El Salvador has become the first nation in the world to ban the mining of gold and other metals, ending a decades-long fight by activists to protect the country’s limited water resources.
Lawmakers, many with signs reading “No to Mining, Yes to Life” on their desks, voted unanimously on Thursday in favor of the ban, which will end large-scale mining activities in El Salvador immediately. According to Mongabay, no old permits or license applications will be grandfathered in. The federal government will grant small-scale artisanal gold miners a two-year grace period to close their operations, and will provide technical and financial support to help them do so.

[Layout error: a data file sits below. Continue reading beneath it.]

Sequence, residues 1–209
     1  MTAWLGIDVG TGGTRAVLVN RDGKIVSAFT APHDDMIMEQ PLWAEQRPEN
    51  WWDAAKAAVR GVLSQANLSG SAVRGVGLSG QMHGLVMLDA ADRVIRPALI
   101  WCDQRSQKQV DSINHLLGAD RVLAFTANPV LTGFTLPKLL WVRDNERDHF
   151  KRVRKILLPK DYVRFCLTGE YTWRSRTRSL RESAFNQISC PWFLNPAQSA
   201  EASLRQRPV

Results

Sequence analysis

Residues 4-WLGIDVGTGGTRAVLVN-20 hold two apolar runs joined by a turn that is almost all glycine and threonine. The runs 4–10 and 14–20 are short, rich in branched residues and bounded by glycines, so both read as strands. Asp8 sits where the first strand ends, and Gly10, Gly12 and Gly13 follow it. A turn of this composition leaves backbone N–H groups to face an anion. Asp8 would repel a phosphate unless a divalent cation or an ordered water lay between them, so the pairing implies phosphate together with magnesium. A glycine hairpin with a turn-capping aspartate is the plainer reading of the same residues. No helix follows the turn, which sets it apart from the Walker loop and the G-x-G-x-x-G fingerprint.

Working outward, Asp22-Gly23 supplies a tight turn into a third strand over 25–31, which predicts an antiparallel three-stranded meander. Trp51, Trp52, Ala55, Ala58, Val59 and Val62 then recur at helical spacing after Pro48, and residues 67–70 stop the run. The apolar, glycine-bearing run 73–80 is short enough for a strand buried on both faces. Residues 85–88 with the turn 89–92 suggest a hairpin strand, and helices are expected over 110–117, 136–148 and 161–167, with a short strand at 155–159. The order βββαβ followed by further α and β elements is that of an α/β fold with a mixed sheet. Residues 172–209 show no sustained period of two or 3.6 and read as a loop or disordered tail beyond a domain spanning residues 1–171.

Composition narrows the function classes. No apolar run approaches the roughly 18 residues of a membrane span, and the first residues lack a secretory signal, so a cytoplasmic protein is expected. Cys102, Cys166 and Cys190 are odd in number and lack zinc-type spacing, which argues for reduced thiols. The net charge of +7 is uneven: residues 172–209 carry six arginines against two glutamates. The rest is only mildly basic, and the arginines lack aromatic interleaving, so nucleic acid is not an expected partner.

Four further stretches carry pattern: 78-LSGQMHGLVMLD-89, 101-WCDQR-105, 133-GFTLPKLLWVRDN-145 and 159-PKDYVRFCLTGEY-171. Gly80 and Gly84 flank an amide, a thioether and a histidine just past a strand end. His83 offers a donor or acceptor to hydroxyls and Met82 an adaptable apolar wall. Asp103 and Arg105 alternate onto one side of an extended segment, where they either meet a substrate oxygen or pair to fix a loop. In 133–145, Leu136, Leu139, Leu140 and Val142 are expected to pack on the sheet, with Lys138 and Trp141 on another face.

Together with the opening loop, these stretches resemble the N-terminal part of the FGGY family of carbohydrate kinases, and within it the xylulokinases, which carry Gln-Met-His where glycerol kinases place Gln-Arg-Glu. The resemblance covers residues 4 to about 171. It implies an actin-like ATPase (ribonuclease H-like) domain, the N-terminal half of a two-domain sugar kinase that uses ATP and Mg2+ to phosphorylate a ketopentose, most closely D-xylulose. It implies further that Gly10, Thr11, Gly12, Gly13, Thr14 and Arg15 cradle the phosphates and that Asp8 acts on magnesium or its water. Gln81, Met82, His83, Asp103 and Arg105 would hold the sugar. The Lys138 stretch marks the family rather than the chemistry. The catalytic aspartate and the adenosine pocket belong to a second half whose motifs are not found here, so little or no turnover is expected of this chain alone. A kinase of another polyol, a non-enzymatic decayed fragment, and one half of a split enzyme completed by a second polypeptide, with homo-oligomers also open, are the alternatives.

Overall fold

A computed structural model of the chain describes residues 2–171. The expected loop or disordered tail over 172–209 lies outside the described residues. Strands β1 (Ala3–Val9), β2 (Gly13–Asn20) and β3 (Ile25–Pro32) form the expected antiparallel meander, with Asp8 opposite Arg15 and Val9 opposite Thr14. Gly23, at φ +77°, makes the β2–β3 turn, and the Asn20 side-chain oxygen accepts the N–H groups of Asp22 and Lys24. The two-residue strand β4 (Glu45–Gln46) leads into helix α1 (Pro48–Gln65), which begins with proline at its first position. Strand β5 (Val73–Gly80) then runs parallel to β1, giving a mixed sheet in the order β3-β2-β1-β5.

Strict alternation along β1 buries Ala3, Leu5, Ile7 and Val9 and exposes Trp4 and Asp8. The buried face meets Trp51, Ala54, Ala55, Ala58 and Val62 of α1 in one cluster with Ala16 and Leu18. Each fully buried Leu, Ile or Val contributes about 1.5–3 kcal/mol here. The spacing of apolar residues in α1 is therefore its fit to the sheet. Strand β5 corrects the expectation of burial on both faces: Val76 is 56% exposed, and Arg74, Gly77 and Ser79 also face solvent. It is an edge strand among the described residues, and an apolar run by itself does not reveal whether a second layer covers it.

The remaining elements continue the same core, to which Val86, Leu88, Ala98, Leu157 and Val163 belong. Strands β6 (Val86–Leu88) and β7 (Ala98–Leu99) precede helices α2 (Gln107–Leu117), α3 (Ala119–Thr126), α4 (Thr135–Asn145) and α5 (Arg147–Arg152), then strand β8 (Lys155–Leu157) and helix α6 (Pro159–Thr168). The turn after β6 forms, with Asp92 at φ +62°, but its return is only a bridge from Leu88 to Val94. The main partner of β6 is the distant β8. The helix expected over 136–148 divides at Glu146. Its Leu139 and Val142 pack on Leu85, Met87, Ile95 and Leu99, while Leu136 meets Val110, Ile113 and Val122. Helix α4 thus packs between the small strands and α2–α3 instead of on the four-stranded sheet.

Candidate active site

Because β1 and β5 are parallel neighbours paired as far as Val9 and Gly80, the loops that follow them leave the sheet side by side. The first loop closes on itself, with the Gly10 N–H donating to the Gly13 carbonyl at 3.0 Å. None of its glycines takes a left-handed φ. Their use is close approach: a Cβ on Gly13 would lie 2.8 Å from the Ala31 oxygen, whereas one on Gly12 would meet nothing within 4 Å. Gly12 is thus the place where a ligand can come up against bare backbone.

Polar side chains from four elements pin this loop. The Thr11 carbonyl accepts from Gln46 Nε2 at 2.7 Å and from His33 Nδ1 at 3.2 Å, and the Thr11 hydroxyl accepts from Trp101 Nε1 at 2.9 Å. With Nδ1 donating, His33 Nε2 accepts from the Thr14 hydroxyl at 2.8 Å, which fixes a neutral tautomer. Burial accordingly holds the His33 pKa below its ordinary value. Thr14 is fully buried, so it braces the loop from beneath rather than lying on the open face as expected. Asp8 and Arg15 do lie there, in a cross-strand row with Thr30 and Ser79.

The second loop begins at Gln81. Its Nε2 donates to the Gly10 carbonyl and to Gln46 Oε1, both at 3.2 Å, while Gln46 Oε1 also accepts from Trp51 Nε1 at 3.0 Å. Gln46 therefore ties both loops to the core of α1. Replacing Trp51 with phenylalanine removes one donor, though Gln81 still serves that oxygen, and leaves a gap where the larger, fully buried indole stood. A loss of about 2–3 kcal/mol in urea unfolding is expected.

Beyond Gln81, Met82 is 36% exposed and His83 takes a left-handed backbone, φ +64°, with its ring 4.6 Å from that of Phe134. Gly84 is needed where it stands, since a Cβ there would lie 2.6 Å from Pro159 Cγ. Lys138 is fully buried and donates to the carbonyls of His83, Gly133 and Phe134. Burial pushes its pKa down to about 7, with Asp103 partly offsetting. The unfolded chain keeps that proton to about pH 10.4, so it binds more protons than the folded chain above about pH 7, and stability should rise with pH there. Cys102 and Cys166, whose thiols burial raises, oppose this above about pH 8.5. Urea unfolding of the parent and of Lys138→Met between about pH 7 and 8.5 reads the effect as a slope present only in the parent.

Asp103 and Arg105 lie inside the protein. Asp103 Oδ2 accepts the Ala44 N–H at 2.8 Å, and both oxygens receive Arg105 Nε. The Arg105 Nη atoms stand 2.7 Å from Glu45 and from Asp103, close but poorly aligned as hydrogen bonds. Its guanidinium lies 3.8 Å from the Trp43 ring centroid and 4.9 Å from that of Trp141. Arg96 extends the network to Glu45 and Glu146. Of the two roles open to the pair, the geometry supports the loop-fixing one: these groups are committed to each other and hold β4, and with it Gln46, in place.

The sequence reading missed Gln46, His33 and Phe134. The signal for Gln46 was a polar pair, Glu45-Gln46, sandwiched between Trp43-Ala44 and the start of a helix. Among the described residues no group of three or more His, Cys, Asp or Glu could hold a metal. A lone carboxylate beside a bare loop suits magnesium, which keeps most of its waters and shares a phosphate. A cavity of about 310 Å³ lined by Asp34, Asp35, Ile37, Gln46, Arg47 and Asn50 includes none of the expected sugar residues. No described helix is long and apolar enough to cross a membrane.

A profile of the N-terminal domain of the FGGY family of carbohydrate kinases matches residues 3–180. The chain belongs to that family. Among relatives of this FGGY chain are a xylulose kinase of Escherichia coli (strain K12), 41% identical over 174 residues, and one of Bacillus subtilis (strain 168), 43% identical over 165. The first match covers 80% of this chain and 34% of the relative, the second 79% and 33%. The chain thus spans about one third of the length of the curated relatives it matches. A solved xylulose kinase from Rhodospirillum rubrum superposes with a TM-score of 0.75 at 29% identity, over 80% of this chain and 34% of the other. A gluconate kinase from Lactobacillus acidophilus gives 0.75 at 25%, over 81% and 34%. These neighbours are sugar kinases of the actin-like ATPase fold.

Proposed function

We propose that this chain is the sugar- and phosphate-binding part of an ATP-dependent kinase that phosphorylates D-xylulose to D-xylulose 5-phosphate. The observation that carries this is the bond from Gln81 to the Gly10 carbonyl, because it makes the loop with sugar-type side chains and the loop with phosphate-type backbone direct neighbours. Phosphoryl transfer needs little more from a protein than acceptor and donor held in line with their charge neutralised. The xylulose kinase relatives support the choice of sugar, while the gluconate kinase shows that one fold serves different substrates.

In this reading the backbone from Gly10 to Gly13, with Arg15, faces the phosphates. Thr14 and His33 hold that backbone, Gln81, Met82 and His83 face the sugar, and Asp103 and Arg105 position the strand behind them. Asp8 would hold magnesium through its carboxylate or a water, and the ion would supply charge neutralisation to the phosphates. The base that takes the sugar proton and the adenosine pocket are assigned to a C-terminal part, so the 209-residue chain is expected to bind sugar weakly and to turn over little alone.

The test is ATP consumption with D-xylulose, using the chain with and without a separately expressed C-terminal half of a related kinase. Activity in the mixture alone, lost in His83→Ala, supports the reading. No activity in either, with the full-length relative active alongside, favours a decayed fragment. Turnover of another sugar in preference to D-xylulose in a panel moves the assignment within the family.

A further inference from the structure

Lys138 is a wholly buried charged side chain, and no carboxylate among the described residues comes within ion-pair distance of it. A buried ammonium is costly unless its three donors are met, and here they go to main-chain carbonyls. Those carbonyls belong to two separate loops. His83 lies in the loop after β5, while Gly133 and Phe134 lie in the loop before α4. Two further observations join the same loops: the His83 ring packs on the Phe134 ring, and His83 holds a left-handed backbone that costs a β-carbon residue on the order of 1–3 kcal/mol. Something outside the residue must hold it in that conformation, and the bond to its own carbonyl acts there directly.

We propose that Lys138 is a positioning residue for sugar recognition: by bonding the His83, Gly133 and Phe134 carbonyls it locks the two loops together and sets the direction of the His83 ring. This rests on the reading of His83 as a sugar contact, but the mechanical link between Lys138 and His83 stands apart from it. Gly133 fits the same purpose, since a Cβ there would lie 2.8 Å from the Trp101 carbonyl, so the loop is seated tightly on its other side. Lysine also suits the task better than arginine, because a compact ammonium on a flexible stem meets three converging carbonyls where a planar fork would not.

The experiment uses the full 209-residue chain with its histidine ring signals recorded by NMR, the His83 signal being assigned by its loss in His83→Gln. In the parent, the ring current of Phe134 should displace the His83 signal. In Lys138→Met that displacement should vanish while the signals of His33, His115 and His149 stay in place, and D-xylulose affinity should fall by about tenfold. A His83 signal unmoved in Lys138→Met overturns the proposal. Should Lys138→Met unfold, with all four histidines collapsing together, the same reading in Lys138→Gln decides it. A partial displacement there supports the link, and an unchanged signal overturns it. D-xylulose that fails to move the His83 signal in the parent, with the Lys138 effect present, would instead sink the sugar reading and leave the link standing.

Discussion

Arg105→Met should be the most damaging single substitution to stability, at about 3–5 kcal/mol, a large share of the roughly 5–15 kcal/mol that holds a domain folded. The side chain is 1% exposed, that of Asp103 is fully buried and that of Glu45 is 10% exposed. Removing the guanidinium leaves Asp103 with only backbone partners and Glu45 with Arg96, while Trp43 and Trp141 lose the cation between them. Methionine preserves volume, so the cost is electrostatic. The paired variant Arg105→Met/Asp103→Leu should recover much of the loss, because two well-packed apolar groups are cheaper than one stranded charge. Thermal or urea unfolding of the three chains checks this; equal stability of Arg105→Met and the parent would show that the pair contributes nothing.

Several Latin American countries have begun limiting destructive mining practices in recent years. El Salvador, where toxic chemicals and heavy metals pollute an estimated 90 percent of surface waters, has had a moratorium on mining since 2008, The Guardian reported. Costa Rica, Argentina, and Colombia have implemented partial bans on mining.
But activists said the new total ban is a game-changing victory. It “makes tiny El Salvador the unlikely hero in a global movement to put the brakes on a modern day ‘gold rush’,” MiningWatch Canada wrote in a statement Thursday.